Further readings for the Olympus M.ZUIKO DIGITAL ED 12-50mm f3.5-6.3 EZ
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In part 2 of our review of best lenses for the Olympus OM-D E-M1 II (Olympus E-M1 II), we’re looking at the performance of zoom lenses. More versatile than a fixed focal length prime, zoom lenses offer the convenience of a range of focal lengths in a single lens. We’ve tested 20 such lenses on the E-M1 II, covering focal lengths from an ultra-wide-angle 7mm through to a super-telephoto 300mm, equivalent to 14mm to 600mm in 35mm terms. Scores range from a high of 25 points on pro-oriented options such as the Olympus M.Zuiko Digital ED 12-40mm f/2.8 PRO, to a low of 8 points on the Olympus M.Zuiko Digital ED 14-42mm f/3.5-5.6.
As an equivalent to a 28-300mm, this mark II version is an update to the earlier retro-looking model by the same name. It features the darkened chrome cosmetics and finely-machined zoom and focus rings of the maker’s pro-oriented models, and now includes dust- and splash-proofing and new coatings. Read on to find out how well this new model performs.
When launched, the EOS-M complete with the EF-M 18-55mm f3.5-5.6 IS STM zoom was $899, but the kit can now be had for as little as $345. With lens available separately for $269 that sounds too good to be true. Read on to see how well the combination performs.
The depth of high quality primes and zooms for the PEN is, arguably, the most compelling reason to invest in the Micro Four Thirds system over rival mirrorless camera offerings. If you’re already a PEN E-P5 owner or you’re looking for advice or insights in lens performance in advance, this guide will aid you in making the right choice. Read onto find out which lens models in the range perform best optically.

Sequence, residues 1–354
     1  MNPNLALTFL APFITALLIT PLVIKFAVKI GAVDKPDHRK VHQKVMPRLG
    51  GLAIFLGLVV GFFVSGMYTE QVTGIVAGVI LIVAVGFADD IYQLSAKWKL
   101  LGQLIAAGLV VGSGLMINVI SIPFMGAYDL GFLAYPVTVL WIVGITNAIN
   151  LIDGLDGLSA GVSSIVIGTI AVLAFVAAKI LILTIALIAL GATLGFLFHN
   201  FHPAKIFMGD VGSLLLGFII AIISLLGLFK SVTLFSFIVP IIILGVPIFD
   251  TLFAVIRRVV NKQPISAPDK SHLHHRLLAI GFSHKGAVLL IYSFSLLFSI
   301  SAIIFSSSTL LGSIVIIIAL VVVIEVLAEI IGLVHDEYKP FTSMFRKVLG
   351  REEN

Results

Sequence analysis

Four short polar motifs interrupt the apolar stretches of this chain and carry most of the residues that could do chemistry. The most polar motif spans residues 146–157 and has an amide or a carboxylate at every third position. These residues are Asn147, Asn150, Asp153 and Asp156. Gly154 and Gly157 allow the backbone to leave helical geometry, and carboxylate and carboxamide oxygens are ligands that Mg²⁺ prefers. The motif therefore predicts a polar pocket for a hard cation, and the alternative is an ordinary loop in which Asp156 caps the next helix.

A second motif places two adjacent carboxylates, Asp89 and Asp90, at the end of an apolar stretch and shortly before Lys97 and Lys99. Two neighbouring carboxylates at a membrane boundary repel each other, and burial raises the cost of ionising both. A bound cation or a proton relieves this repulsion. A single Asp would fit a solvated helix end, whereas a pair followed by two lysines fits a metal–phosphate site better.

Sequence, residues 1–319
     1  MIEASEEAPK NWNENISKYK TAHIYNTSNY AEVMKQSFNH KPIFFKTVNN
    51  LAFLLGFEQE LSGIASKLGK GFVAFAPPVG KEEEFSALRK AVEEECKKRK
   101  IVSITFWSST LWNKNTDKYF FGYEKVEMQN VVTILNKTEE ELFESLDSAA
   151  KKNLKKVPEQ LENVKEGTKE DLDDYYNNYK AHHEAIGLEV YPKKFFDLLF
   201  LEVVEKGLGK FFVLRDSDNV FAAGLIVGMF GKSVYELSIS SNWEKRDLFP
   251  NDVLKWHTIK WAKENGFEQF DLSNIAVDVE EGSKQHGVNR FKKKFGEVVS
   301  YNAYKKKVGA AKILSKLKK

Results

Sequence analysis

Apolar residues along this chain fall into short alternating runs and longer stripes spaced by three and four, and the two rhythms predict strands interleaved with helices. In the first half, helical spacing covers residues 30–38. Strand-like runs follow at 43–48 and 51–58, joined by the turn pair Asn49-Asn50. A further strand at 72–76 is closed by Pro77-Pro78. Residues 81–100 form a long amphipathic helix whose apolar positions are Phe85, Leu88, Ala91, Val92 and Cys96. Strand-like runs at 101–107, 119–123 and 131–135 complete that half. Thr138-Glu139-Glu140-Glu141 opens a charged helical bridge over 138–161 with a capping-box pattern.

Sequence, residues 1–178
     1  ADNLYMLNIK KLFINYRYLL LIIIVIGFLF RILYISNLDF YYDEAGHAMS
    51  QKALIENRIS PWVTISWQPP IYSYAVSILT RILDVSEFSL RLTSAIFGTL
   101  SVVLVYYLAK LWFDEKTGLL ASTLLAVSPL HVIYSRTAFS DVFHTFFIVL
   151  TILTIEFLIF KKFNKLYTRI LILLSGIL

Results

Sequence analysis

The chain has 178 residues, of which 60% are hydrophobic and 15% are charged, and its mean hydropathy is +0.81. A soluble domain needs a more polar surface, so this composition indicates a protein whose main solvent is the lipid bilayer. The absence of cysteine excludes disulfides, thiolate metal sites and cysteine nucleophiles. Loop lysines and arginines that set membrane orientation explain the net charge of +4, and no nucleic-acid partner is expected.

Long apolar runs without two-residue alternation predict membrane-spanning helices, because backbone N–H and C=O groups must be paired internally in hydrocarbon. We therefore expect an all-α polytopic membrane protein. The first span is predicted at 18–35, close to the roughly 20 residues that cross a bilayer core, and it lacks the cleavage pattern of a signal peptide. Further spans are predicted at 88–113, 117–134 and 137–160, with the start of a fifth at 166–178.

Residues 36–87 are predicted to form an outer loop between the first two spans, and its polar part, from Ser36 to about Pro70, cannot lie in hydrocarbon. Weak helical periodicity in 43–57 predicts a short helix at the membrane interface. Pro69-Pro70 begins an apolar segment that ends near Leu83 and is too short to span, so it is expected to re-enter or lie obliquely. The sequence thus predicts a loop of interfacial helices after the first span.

The Micro 4:3 market is full of technology, each new generation apparently having some new enhancement, with a new, more superlative name. Panasonic is no different, but this new Lumix G VARIO 14-42 f3.5-5.6 II Asph. Mega OIS carries neither the ‘Power Zoom’, or the ‘Power O.I.S’; there are aspheric elements but no ED glass. Without all the latest refinements is it worth having at all? Yes, it is: well priced and punches above its weight.
Designed with compactness in mind, micro 4/3 lenses go for the smallest size possible most of the time. But to achieve these dimensions, they sometimes have to compromise on image quality. In this review, we cover a wide range of standard lenses, both prime and zoom, and show that not all lenses are equal in terms of the trade-off between compactness and image quality.
The Olympus M.ZUIKO DIGITAL ED 12-50mm f/3.5-6.3 EZ is the kit zoom launched by Olympus for the OM-D E-M5. We can’t test the lens on an E-M5 for the moment, since as of this writing the camera is not yet commercially available. But while we wait, let’s take a look at how this lens performs on other micro 4/3 cameras.